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Improvement Needed for Careless and Responsibility-shirking Household Cleaning Services Pay Heed to Dispute Handling and Compensation Mechanism To Protect Rights and Interests

  • 2024.05.16

Households that require major cleaning after renovations, or those who do not employ foreign domestic helpers, may choose to use services provided by cleaning companies. However, the Consumer Council has from time to time received complaints about such services, which involved damaged properties found after the cleaning services were performed, furniture surfaces turning sticky after formaldehyde removal, and unsatisfactory results of deep cleaning services, etc. Consumers opt for household cleaning services primarily to avoid the hassle of managing household chores, but it would be very frustrating if the results or services are unsatisfactory, or even with household items being damaged. The Council urges the industry to exercise stringent control over service quality and strengthen staff training. They should always demonstrate professionalism in both service and attitude rather than attempting to shirk their responsibilities and provide substandard services, so as to minimise consumer disputes and build a good business reputation. Consumers should also carefully study dispute handling and compensation mechanisms of providers when choosing cleaning services, and pay heed to whether the terms and conditions are reasonable and meet their needs. Consumers who use long-term household cleaning services should pay constant attention to the condition of their homes, ensuring complaints to the providers can be lodged immediately in case damaged properties are noticed.

Case 1: Damaged Expensive Decorative Item
Service Provider May Have Concealed Fact and Denied Responsibility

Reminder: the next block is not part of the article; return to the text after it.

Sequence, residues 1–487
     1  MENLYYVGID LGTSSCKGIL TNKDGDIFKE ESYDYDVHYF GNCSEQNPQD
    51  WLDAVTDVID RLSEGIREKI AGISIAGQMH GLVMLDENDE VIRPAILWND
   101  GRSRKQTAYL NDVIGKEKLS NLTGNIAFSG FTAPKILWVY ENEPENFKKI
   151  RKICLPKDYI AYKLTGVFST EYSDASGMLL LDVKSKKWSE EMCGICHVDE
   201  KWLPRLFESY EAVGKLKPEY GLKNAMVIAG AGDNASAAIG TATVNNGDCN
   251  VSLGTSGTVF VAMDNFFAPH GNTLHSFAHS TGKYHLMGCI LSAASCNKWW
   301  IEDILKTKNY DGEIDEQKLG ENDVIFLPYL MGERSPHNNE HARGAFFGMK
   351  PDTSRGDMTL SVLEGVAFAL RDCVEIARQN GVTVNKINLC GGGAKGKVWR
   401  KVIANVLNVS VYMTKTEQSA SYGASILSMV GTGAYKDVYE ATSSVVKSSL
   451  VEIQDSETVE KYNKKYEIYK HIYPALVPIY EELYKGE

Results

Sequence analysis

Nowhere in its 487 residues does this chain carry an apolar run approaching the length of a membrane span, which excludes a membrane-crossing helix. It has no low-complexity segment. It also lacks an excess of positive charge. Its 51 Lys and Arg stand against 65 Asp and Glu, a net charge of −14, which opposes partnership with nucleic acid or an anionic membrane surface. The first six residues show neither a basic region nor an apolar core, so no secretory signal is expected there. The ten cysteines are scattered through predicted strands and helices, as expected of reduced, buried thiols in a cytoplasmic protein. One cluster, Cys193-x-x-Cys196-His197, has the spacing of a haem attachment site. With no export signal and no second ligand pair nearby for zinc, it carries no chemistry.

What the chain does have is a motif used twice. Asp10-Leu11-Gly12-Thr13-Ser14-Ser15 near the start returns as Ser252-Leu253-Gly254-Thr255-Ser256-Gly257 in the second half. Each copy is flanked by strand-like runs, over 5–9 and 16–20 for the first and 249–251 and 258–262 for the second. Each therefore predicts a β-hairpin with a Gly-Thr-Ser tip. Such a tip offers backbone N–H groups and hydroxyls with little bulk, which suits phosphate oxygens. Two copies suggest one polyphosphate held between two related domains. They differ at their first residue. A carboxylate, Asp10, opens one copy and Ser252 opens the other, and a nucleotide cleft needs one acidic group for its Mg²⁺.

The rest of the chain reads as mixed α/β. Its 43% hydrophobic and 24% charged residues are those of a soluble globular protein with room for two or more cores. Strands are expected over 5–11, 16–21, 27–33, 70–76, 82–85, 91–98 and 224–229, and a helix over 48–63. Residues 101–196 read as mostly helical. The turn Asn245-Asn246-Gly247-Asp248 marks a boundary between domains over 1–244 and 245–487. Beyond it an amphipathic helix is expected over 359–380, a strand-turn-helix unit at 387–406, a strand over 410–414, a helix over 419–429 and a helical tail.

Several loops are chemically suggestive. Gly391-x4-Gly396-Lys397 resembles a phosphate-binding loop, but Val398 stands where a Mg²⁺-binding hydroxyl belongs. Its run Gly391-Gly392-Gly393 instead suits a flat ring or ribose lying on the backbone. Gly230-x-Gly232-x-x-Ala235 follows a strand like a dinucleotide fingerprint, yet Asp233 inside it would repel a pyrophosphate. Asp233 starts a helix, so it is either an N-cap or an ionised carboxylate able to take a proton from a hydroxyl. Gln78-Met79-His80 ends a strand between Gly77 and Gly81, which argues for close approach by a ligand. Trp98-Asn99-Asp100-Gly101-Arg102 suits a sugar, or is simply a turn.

The complainant had consistently engaged Provider A for part-time cleaning service. One day the complainant noticed traces of repair by glue on an expensive decorative item, but since the adhesion was not strong enough to hold the pieces in place, the damage was revealed. The complainant, who lived alone, thought that only the cleaning staff could have accidentally damaged the item and then attempted repair, but in its initial response to the complainant, Provider A insisted that the cleaning staff had neither touched nor cleaned the decorative item and therefore had no idea about the cause of the damage. The complainant was very dissatisfied with the response as it was in no way justified a staff who was specifically responsible for cleaning had never cleaned that particular item. Provider A later changed its narrative and said that the staff had indeed cleaned the decorative item but had not noticed any damage, and once signs of damage were found, an incident report was immediately filed.

The complainant, who considered Provider A’s statements inconsistent with suspicion of hiding the truth and refusing to acknowledge responsibility, lodged a complaint with the Council. Provider A replied that the cleaning staff had reported the incident in accordance with their procedures, adding that the complainant did not have sufficient evidence against the cleaning staff, and offered to refund a sum of $460 only as a gesture of goodwill. The case has not been resolved as the complainant insisted on rejecting the arrangement while the service provider refused to respond further.

Case 2: Furniture Surface Became Sticky After Formaldehyde Removal
Unsatisfactory Results Required Repeat Cleaning